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The chapters are generally organized as a series of ``theory'' and ``application'' chapters, working up from delay effects through virtual musical instruments. The purpose of mixing theory and application is to put useful techniques to work soon after they are covered, instead of spending forever in preliminaries before getting to musically interesting applications. Thus, for example, acoustic modeling with delay is followed by artificial reverberation, delay-line interpolation is followed by time-varying delay effects, and so on.

The style of the chapters is relatively concise and bottom-line oriented, with more detailed coverage deferred to the appendices when reasonable. In the Web version, many technical terms are linked to associated tutorials (and this work is ongoing). All software examples in the text are freely available, and perhaps most easily obtained via copy/paste from the Web version.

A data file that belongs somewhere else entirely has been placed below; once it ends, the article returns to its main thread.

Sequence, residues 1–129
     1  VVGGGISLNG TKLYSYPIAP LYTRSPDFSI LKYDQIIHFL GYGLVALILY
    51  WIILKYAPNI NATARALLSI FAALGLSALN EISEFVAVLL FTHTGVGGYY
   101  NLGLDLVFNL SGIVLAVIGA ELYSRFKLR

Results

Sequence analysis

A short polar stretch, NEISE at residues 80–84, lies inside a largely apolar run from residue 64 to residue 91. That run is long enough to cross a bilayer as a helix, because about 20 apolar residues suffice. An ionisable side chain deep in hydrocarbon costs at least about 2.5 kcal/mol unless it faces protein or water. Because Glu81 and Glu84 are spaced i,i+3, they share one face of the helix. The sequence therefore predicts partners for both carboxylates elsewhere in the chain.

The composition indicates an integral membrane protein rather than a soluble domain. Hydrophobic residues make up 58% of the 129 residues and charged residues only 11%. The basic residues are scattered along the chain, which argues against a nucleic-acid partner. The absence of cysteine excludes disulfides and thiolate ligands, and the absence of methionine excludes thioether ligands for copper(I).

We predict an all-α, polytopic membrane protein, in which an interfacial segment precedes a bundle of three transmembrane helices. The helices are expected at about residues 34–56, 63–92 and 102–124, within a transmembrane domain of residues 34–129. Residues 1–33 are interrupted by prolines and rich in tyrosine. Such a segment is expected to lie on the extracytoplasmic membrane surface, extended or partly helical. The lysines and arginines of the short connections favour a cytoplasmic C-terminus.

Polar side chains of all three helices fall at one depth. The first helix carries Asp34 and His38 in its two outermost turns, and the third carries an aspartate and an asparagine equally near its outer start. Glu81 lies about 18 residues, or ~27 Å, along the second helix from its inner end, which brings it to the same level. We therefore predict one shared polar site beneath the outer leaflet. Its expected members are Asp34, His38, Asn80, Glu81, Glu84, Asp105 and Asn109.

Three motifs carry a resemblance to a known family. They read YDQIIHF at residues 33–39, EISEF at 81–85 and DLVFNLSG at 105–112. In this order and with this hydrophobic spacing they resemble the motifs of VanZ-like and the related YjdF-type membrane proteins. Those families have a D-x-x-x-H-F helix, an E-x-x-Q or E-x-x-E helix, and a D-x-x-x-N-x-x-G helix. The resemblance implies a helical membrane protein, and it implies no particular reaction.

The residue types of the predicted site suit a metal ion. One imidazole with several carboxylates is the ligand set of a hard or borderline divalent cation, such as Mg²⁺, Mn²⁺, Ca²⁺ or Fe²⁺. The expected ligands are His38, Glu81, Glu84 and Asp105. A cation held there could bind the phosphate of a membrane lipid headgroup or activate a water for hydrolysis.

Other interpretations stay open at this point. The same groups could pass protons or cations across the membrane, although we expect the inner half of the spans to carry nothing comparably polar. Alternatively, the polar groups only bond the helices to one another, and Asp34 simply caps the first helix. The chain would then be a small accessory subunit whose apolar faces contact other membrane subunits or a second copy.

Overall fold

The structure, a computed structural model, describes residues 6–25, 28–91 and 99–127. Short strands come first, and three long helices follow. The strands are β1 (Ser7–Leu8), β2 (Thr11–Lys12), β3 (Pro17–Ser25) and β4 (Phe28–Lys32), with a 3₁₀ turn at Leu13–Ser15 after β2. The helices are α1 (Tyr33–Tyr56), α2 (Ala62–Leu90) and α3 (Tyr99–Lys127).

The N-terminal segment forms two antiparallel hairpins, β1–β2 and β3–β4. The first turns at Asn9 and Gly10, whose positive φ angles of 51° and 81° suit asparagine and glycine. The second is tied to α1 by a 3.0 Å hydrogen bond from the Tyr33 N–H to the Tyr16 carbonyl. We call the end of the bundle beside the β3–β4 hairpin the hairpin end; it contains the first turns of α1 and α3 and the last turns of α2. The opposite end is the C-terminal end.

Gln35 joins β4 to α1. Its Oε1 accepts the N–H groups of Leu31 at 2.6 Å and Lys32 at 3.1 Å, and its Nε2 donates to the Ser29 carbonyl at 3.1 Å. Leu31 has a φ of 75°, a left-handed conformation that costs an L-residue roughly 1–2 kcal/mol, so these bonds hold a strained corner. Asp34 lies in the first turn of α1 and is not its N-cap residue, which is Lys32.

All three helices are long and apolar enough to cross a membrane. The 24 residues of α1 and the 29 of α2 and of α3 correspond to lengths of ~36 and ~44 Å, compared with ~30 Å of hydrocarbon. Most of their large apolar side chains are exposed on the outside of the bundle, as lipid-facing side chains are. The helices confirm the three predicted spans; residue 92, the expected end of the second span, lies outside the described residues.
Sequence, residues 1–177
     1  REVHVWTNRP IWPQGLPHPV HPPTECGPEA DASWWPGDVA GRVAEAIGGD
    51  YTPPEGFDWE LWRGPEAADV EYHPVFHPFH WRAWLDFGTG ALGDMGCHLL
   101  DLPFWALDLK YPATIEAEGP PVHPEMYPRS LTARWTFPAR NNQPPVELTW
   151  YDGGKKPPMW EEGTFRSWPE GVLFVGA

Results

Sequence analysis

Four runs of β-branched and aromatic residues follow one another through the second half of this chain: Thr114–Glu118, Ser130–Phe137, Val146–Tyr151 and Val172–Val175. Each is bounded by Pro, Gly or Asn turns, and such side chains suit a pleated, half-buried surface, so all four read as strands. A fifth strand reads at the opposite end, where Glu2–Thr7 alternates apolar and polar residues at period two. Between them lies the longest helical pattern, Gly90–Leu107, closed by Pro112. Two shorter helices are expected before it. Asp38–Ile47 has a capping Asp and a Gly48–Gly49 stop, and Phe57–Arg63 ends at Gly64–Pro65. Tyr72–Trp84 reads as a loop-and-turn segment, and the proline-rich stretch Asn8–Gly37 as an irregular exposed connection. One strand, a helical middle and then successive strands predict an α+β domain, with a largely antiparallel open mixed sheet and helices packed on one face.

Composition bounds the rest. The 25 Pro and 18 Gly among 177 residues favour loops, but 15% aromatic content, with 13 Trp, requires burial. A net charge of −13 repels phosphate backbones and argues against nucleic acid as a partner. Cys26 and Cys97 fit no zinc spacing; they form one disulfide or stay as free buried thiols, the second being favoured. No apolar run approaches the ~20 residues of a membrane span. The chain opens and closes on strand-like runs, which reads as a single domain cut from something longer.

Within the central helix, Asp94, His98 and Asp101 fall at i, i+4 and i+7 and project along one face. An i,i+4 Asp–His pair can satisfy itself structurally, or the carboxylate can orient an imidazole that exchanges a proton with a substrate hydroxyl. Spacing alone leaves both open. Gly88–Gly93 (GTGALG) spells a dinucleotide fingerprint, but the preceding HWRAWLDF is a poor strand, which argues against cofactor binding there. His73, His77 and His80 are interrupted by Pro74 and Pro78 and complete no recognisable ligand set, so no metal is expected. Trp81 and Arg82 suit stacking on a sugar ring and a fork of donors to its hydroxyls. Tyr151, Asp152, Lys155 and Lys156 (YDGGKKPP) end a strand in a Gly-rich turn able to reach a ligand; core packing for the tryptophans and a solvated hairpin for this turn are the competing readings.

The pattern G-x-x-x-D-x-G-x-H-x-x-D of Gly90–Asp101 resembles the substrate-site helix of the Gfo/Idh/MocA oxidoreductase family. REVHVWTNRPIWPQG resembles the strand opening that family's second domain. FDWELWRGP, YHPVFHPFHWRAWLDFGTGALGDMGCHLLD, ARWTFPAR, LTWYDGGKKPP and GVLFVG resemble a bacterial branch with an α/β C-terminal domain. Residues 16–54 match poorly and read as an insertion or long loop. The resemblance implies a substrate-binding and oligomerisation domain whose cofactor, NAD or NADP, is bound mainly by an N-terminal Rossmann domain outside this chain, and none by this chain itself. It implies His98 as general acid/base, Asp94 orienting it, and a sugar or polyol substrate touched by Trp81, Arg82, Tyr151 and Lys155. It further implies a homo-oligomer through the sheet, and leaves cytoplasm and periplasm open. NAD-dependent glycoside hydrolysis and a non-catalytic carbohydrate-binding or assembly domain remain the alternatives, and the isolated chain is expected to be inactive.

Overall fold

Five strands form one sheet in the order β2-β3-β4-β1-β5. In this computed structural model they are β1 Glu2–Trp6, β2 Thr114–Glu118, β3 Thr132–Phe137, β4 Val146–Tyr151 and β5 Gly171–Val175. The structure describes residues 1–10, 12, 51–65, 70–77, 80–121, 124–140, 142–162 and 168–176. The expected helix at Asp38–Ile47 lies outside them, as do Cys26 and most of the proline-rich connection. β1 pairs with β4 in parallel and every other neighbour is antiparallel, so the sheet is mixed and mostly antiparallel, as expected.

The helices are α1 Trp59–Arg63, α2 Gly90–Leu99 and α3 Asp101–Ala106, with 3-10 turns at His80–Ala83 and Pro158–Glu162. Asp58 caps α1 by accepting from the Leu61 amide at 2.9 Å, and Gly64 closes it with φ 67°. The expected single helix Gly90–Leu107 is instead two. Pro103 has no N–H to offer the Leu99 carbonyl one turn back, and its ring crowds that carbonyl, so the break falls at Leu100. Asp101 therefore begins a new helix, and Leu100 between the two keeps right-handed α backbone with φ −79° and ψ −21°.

For class use, the design is approximately one chapter per week, spanning a quarter. There is a significant rise in difficulty level when ``lumped models'' are reached, presumably due to the use of complex impedances in the Laplace and/or $ z$ domains. Extra time should be allowed to practice problems such as a point-mass colliding with an ideal string (§9.3.1). For a semester course, one could include more material on digitizing differential equations, such as in the appendices regarding finite difference schemes and/or wave digital filters. Alternatively, one could expand the final chapter entitled Virtual Musical Instruments to include more case studies.

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``Physical Audio Signal Processing'', by Julius O. Smith III, W3K Publishing, 2010, ISBN 978-0-9745607-2-4
Copyright © 2023-08-20 by Julius O. Smith III
Center for Computer Research in Music and Acoustics (CCRMA),   Stanford University